Jul 26, 2022

Why Have Cell Phones Become Today’s Back-to-School Essential?

Why Have Cell Phones Become Today’s Back-to-School Essential?

There are dozens of reasons parents and kids need to be able to connect during the school day.

For starters there’s the matter of “forgotten items.” You know, they call and beg you to drop what you’re doing to deliver … the homework they need now, the sports gear they’ll need later, the musical instruments the band instructor inspects daily, the library book they needed to return a week ago…

For forgotten items, they need a cell phone.

Then there’s the “I don’t feel well,” “My braces broke,” “They made us run in gym and now I think I have heat stroke” stuff.

And of course there’s the “I forgot to tell you I’m going to a friend’s house after school,”  “I need to stay late so I won’t be on the bus, can you come get me later?” and the inevitable “Can we have pizza for dinner?” communications.

For all of these announcements and requests – and many others – kids need to have a cell phone.

But that doesn’t mean you need to break the bank to get them one.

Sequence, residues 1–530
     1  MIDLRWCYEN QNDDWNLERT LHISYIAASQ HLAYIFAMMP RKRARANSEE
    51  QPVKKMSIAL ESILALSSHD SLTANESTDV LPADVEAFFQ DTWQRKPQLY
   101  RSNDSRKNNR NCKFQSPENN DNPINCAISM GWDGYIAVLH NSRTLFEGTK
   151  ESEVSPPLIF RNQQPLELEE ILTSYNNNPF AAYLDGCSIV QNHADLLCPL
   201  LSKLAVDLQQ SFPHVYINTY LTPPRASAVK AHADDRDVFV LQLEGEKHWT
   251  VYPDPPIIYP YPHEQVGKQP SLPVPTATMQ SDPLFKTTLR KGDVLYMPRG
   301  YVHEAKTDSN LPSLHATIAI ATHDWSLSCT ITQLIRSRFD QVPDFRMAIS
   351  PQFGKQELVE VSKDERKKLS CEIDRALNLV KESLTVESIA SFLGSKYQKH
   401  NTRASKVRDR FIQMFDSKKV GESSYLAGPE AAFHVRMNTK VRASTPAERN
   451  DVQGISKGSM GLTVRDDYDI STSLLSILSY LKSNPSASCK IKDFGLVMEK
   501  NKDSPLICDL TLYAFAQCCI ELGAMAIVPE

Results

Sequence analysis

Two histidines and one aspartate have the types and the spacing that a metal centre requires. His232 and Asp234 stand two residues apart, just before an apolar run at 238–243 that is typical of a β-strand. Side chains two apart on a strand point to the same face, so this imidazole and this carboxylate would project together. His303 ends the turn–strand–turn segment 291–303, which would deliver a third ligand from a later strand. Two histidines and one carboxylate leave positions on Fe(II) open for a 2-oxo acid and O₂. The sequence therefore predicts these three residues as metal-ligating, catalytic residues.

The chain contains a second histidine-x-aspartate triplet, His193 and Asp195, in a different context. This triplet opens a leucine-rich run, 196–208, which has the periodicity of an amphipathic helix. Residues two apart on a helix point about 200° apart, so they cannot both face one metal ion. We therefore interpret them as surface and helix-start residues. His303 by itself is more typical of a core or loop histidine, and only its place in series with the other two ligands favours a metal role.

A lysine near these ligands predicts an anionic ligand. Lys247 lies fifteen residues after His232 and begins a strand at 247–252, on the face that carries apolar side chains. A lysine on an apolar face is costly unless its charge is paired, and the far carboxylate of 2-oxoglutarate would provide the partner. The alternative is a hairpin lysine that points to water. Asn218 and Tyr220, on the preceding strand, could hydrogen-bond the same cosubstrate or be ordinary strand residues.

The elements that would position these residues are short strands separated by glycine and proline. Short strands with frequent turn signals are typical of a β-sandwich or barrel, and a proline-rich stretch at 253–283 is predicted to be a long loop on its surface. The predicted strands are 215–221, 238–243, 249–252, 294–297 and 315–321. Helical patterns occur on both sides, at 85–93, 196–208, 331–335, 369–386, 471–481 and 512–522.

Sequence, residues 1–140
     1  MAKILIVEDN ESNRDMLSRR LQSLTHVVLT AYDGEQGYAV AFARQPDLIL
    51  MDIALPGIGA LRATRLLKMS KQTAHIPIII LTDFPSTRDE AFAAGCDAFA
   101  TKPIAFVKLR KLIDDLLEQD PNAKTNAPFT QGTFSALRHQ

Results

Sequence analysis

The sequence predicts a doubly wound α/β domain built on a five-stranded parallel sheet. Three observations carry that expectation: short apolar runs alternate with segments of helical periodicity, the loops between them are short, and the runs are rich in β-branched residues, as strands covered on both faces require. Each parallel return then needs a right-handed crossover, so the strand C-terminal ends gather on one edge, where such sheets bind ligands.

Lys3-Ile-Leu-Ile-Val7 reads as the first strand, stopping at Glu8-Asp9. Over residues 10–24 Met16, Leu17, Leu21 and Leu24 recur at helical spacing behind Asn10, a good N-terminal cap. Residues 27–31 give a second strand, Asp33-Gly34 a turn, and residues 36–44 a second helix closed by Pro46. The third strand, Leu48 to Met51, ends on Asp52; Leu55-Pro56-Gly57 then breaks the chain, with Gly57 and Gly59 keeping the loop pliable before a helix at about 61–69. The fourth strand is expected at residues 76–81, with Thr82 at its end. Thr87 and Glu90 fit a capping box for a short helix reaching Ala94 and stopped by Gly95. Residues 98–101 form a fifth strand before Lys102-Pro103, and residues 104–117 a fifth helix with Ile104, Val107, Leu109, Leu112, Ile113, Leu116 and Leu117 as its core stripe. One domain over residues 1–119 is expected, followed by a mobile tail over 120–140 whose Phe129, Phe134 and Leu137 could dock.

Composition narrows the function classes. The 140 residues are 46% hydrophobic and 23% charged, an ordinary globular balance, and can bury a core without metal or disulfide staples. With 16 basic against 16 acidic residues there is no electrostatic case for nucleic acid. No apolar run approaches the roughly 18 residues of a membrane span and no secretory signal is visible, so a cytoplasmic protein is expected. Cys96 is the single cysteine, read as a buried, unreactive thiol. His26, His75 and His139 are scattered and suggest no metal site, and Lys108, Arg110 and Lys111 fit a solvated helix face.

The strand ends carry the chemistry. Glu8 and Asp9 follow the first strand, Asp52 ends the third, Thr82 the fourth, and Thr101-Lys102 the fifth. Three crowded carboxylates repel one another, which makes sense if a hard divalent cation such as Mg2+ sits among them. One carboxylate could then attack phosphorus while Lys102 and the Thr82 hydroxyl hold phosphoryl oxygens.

Get your student – and yourself – a free smart phone

I know – it sounds too good to be true, but it is 100% for real.

Life Wireless offers government subsidized cellular services through LifeLine and the Affordable Connectivity Program to individuals and families who qualify. These programs are backed by the Federal government and provide you and your student with the following each month:

  • FREE Unlimited Talk & Text
  • FREE 15GB Data (+ more data for California residents)
  • FREE Smartphone (or bring your own)

If you’re unemployed or if you participate in a government benefit program such as SNAP, Medicaid, Federal Public Housing Assistance, SSI, or WIC, you already qualify for this federally funded free cellular service. Just think, for an investment of a few short minutes to apply and be approved, you can give your student the ability to stay in touch with you (and you with him or her!) at school, after school, and wherever their schedule takes them.

Once you’re approved for Life Wireless/Lifeline Assistance Program and then sign up for the Affordable Connectivity Program (ACP), you get two sources of free talk, text, and unlimited data. This means that you can split that service between two phones. And the result is that you get free cell service and a free smartphone, and your student gets free cell service and a free smartphone. You just have to remember sign up for ACP.

Things to know once your kids have cell phones.

Young dad and cute daughter looking at a photo on a cell phone.